Recipe from A Country Cook’s Kitchen by Alison Walker (Rizzoli, 2012)These are simple to shape and bake. With no need for butter, they are an easy bite-the-end-off bread for buffets, barbecues, and picnics. Make up your own savory, sweet, or spicy variations to fit what’s on the menu.
SHAPING AND PROOFING ABOUT 45 MINUTES
COOKING 8 TO 10 MINUTES
Makes about 20 breadsticks
- ½ cup fine polenta
- 1 recipe rested Basic White Dough (see below) made with organic unbleached white bread flour
- ¾ cup Parmesan (freshly grated)
- 1 teaspoon cayenne pepper
1 Preheat the oven to 475°F. Dust one or more large baking sheets lightly with polenta, and put the remaining polenta in a flat dish.
2 Turn the risen dough gently out of its bowl onto a lightly floured work surface. Shape it into a large rectangle about 16 x 12 inches, lightly stretching the dough into a fairly even thickness. Scatter over the grated cheese, going right up to the edges, and dust evenly with cayenne pepper.
3 Fold one long edge over the middle third of the dough and bring down the other one over the top to make a three-layered dough sandwich.
4 Cut the roll into strips ¾ inch wide, or a little less, using the scraper. Dip the cut edges of one strip lightly in the polenta, then twist it like barley sugar, at the same time pulling gently to lengthen it, and lay it on the prepared baking sheet. Twist up the remaining pieces of dough the same way and lay them side-by-side on the baking sheet, leaving enough space between them to allow for rising. Cover and let proof until almost doubled in volume.
5 Mist the oven (see page 12) immediately before and after putting the breadsticks into the oven. Bake for 8 to 10 minutes, until golden and crisp. These are best eaten the day they are baked, but can be frozen and revived in a hot oven.
Basic White Dough
Once mastered, this basic recipe will enable you to create a variety of delicious breads and rolls with different toppings and glazes.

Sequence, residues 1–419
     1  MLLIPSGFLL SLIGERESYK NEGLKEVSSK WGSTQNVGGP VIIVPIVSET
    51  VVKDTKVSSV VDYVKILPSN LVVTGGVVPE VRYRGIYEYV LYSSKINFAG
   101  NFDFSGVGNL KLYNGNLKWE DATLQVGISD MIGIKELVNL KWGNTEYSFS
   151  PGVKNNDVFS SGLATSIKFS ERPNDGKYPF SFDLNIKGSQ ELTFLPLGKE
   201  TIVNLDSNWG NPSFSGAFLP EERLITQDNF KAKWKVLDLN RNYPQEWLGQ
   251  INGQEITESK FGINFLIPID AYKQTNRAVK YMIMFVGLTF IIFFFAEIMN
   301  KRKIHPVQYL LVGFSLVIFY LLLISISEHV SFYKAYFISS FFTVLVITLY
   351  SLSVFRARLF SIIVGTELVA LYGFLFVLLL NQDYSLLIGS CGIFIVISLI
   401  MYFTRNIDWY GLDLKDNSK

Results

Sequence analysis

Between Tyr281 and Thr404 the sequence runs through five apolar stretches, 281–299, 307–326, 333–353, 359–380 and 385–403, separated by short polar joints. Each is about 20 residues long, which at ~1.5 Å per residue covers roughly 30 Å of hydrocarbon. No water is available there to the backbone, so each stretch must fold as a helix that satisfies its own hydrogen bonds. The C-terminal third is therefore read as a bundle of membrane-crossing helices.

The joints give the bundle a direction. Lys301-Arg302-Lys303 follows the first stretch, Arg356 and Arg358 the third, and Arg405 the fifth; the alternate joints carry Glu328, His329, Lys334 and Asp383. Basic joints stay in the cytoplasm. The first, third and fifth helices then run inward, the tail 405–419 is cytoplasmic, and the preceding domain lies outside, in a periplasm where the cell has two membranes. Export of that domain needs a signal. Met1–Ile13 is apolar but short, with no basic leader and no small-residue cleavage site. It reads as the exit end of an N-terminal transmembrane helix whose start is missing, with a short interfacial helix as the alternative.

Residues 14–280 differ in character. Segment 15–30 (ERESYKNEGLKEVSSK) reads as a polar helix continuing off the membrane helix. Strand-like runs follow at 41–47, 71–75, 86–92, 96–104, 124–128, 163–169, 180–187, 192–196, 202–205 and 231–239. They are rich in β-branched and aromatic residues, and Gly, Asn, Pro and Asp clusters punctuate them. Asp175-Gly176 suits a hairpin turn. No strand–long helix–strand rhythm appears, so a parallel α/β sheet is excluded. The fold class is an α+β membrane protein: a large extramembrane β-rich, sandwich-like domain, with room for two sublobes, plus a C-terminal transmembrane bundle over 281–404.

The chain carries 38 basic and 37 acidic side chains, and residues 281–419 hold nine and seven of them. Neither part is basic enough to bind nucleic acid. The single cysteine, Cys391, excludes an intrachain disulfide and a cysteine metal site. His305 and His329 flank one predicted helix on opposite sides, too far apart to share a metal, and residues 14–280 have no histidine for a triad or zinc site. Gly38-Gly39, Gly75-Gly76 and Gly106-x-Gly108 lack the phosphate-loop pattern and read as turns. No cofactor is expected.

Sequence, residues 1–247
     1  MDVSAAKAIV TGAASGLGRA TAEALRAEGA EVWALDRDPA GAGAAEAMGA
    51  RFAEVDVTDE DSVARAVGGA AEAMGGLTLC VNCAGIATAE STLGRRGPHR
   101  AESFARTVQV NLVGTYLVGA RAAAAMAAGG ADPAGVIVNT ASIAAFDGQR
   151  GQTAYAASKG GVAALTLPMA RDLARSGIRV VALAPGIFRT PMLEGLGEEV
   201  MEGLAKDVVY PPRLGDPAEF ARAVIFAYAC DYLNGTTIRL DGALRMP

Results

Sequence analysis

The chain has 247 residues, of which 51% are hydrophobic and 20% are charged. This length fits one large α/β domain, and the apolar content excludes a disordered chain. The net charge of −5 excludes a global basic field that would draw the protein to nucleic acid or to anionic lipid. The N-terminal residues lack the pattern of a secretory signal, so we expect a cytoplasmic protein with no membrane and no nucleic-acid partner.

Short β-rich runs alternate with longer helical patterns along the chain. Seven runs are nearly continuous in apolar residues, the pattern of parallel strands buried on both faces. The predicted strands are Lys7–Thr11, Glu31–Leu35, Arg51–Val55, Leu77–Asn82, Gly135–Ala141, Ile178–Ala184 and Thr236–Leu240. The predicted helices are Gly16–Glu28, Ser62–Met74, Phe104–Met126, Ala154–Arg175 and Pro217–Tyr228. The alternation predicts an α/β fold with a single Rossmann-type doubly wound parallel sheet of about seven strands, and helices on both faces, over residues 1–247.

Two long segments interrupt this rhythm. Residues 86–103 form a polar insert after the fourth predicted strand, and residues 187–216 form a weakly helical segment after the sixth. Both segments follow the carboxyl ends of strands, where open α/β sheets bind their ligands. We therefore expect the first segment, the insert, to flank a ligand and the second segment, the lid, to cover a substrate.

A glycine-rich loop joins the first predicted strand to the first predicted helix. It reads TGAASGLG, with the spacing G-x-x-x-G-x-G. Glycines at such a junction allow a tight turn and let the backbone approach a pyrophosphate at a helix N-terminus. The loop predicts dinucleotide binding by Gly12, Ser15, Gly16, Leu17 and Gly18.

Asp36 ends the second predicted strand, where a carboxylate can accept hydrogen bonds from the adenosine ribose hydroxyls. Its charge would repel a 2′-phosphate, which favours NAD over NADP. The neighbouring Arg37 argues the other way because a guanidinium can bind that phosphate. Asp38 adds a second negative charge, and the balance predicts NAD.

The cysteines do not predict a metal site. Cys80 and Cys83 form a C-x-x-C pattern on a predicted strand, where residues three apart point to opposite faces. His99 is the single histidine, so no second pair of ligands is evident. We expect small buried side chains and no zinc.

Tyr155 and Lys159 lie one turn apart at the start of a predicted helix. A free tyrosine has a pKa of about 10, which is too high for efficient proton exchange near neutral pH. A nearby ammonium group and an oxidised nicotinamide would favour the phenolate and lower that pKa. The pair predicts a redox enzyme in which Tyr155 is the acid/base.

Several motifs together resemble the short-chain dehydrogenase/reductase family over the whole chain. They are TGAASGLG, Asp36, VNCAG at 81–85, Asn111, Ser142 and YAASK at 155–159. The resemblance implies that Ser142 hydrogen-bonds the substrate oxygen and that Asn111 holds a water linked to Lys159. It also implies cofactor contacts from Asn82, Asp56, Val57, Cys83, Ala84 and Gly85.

PREPARATION 15 MINUTES
RESTING AT LEAST 1 HOUR
Makes enough for 2 medium loaves
- 7 cups organic unbleached white bread flour
- 2 teaspoons active dry yeast
- 1 tablespoon sea salt
- scant 3 cups warm water
1 Put the flour in a bowl and stir in the yeast, mixing it well with the flour. Next add the salt and mix to distribute it.
2 Pour in three-quarters of the warm water and use a scraper to mix, adding the remaining water in one or two batches. As soon as the dough comes together and there is no loose flour in the bowl, turn the dough onto a clean surface to knead. Scrubbed wood is ideal, but any smooth hard surface is fine.
3 Gather together the dough using the scraper and, without flouring the work surface, slide your fingers underneath it, leaving your thumbs on top. Pick up and pull the dough toward your body, lifting your hands to stretch it. Slap it down, throwing it away from you, then fold the dough remaining in your hands over the lower portion, trapping in air. Repeat the action of lifting, stretching, and folding for about 5 minutes until the mixture is transformed from a sticky mass into a dough that feels alive in your hands. At first you will need to scrape it together from time to time, but as the gluten develops it starts to behave as a single, fairly cooperative entity.
4 Place the dough on a lightly floured surface. Shape it into a ball by bringing the edges to the middle, one at a time, and pressing them firmly into the center. Turn the ball over and tuck it in.
5 To rest the dough and give it its first rise, lightly flour a bowl and put the dough into it, seam-side down. Dust the top lightly with flour to help prevent a skin from forming, cover it with a clean cloth, and place somewhere warm and draft-free for about 1 hour, or until the dough has doubled in volume. Now it is ready to shape, proof (the second rise), and bake.